There is an NGL steering up which focuses on service delivery and resolving any HR, administrative or financial issues. All members are equal with each member having one vote. Strategic decisions and changes to service delivery which impact on colleges, are made in consultation with the Glasgow Colleges Library Group. This group is made up of library practitioners from the colleges in the consortium and meets every 6-8 weeks; any changes are ratified to College Principals.
The service is continually developing in response to student and staff needs. The annual development plan prioritizing service improvements is agreed with library representatives from all colleges.
Initially, costs for the service were split equally between all colleges in the Consortium. However, in November 2008, Principals agreed that the funding model for the service should be changed to take account of college size and volume of activity. Costs were subsequently recovered on the basis of a 50% fixed element for all colleges and 50% spread by WSUMs (Weighted Student Units of Measurement). In 2011 the model was adjusted to take account of the merger of three colleges to form City of Glasgow College. Costs are currently recovered on the basis of WSUMs, leaving the proportion paid by each partner approximately unchanged.
If a request for change benefits only one college, that college will pay the associated costs and ‘buy’ the Systems Administrator’s time to implement the change. If applicable, benefits are then shared by all Colleges. For example, for work relating to the City of Glasgow College merger, a test server was purchased and configured by the college, from which all members now benefit.
Throughout periods of significant change in the form of college mergers, restructuring and system migration, service continuity has been maintained for college staff and students.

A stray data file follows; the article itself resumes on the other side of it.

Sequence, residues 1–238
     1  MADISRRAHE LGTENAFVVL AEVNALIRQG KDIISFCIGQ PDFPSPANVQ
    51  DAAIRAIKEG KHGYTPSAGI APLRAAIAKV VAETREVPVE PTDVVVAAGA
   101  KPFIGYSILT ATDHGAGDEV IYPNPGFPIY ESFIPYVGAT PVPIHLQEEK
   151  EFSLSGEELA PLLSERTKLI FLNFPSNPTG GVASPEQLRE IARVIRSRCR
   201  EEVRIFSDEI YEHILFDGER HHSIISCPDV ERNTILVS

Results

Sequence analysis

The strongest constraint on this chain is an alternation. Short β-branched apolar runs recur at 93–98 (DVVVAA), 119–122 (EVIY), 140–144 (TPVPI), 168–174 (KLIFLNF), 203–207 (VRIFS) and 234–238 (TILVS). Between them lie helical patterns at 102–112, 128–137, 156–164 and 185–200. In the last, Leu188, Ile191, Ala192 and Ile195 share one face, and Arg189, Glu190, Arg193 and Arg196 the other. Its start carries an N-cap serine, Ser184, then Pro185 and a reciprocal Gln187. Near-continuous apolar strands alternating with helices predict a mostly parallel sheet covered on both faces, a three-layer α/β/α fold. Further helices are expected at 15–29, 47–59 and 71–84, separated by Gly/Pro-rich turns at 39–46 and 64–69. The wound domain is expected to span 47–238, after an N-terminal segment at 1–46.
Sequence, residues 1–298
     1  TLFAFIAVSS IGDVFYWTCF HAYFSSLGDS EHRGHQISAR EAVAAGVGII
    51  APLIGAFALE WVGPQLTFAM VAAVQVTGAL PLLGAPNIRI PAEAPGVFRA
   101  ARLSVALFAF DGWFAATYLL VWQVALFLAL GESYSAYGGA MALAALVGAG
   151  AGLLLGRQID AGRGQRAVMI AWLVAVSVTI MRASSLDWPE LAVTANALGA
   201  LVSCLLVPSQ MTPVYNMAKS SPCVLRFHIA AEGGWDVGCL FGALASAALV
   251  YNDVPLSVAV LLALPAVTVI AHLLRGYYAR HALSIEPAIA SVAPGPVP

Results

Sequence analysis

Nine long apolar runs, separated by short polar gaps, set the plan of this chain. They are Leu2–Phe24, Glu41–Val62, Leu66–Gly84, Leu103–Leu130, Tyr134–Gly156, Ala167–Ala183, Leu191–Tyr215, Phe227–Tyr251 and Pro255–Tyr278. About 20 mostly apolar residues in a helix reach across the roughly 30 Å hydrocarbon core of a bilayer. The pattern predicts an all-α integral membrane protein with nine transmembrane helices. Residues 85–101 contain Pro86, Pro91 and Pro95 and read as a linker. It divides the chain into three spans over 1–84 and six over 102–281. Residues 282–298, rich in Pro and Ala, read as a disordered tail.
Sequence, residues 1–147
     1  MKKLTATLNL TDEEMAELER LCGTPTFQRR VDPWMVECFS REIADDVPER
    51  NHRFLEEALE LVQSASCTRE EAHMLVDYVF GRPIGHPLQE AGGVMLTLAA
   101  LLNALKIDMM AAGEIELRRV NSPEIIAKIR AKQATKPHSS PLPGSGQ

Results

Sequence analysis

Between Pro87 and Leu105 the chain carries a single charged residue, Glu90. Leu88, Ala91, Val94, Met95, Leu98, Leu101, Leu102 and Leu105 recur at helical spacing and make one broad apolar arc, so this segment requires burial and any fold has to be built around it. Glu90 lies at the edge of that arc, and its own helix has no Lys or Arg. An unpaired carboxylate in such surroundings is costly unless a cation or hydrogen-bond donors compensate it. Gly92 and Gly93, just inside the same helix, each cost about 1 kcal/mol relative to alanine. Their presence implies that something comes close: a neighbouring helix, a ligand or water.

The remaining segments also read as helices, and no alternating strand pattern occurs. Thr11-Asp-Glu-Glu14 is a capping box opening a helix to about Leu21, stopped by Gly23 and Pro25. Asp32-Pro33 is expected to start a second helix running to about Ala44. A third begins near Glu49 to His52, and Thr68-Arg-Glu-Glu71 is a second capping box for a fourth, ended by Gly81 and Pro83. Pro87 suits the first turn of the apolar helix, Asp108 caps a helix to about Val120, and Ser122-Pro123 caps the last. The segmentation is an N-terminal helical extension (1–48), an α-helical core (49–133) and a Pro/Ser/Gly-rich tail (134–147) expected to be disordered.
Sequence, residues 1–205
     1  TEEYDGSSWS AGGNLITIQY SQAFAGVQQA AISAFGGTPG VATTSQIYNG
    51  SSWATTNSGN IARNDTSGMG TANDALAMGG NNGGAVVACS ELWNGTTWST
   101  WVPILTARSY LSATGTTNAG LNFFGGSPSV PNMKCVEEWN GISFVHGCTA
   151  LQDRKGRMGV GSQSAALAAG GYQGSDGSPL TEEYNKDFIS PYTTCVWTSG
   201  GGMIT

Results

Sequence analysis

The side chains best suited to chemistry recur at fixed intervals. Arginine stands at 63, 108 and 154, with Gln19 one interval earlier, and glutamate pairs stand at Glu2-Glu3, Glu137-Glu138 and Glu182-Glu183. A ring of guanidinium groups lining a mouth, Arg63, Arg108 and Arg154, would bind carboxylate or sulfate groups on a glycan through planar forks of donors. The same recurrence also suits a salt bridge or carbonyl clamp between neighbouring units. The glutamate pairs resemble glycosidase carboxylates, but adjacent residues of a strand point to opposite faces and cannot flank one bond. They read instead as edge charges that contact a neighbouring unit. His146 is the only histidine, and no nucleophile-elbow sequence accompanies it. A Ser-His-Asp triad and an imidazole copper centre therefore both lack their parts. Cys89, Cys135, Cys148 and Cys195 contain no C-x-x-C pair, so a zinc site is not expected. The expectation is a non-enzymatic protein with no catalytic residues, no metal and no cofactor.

The group has benefited from shared hardware and software purchasing. It is unlikely individual colleges would have been able to afford to purchase Symphony on their own or individually maintain the necessary infrastructure.
As a result of the Consortium, the colleges have a secure, supported and stable LMS with 97% up time (downtime includes the regular maintenance schedule which sees the system offline for several hours at weekends each quarter).
Undoubtedly, the role of a dedicated Systems administrator is key to the success of the shared LMS within the Glasgow Colleges group. As most of the colleges don’t have local LMS expertise or resources to provide the LMS infrastructure required, they benefit considerably from a dedicated Systems Administrator who acts as a single point of contact for help, enquiries and support.
All colleges benefit from a shared development plan produced each year by the Systems administrator. Support and development areas are listed on the plan with timescales attached.
College librarians share information and training documentation including cataloguing guidelines via a portal, The Hub, (http://ngl.gcg.ac.uk/).
The group has demonstrated flexibility and adaptability throughout periods of great change in FE in Glasgow. Despite the significant organisational changes, including several college mergers, the shared LMS has endured which really is the ultimate testimony to the success of the Glasgow Colleges collaborative working.